Lady Trieu, A Young Vietnamese Woman In Her Early Twenties, Led A Multiple-Year Rebellion Against The Chinese Kingdom of Wu

(Đông Hồ folk painting of Trieu Au, [Public Domain] via Pinterest)

 

Lady Trieu (Ba Trieu), also known as Trieu Thi Trinh and Trieu Au, was born around 225 CE in northern Vietnam. There are many versions of Lady Trieu’s childhood, but they all agree that she was orphaned at a young age and was raised by her brother.

While the young girl was in her brother’s care, China ramped up its campaign of suppression against local Vietnamese leaders in an attempt to assimilate Vietnam into the Kingdom of Wu. By the time Lady Trieu was nineteen (around 244 CE, if her birth date is accurate), she left the home of her brother to raise a sizable army to resist the Chinese.

The disgruntled Vietnamese population proved to be a valuable pool of manpower for Lady Trieu. For the next few years, the young rebel leader campaigned to liberate her homeland from the occupying Chinese forces. She was described as being an inspiring leader who led from the front (on or off an elephant) wearing golden armor and wielding two swords. She likely won around thirty battles before she was twenty-one years old.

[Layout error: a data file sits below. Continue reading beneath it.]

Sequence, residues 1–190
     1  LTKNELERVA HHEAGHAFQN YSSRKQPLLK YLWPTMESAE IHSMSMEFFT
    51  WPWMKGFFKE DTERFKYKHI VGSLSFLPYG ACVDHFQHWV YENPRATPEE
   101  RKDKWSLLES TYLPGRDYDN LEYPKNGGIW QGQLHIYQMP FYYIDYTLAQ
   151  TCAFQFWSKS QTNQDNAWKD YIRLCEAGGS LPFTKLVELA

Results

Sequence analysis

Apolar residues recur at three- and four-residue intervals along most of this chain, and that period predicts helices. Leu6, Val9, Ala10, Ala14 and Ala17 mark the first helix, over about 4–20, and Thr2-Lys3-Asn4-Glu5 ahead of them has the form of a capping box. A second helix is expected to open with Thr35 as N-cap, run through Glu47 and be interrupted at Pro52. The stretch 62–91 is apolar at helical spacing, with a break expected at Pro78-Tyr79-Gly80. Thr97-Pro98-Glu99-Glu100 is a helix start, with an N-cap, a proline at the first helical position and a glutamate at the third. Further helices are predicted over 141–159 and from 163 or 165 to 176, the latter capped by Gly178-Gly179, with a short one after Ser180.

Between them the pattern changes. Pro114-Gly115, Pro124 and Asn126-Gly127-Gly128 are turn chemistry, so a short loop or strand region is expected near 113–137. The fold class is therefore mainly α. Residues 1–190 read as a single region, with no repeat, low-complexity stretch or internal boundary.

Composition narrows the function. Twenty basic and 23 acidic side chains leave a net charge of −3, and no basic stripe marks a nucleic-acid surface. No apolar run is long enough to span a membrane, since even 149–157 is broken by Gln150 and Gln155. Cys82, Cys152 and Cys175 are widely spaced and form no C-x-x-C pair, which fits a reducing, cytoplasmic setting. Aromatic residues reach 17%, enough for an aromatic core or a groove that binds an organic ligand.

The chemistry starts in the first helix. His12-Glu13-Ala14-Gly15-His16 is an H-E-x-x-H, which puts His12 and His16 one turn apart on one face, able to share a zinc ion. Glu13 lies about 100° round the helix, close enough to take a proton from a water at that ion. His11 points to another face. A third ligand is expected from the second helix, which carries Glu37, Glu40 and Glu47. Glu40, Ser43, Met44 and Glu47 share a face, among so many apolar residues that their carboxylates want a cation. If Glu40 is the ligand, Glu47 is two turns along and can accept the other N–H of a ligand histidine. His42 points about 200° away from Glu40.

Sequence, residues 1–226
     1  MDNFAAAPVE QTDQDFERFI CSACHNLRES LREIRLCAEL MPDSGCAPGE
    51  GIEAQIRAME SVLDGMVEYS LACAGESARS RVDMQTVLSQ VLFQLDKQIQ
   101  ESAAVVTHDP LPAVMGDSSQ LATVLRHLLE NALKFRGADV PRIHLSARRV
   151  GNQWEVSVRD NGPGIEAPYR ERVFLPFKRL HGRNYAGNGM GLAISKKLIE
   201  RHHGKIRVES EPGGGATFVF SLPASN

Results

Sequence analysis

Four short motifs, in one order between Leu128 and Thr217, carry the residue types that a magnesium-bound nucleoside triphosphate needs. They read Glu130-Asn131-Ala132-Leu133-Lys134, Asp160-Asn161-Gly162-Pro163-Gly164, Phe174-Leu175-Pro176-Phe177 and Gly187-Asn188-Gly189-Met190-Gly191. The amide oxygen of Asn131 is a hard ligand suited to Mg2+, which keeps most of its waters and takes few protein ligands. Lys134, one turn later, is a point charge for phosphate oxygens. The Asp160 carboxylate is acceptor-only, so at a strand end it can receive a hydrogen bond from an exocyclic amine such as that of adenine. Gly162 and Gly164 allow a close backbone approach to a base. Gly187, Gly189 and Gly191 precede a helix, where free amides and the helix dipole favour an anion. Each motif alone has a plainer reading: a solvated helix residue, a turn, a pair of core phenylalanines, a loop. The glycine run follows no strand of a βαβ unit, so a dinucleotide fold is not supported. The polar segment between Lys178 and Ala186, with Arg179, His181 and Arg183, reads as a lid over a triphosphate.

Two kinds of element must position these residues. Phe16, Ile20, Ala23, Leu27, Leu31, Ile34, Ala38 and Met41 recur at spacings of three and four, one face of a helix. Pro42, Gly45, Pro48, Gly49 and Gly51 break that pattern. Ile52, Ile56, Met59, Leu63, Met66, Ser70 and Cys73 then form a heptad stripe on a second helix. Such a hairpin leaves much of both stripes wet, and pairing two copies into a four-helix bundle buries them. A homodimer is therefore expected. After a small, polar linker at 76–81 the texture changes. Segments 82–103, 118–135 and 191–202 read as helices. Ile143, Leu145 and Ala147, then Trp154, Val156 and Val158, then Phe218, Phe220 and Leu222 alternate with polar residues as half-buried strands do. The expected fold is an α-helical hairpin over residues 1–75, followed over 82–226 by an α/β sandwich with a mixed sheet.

By 248 CE, however, Lady Trieu had caused enough disruption to make her a top priority of Eastern Wu. A fresh army of Chinese troops was sent to the region to quash the rebellion and more funds were provided to pay informants and turn traitors in Vietnam. Under the increasing pressure, Lady Trieu could no longer continue her success. She was defeated in battle in 248 CE and died either a warrior’s death or by suicide.

Written by C. Keith Hansley

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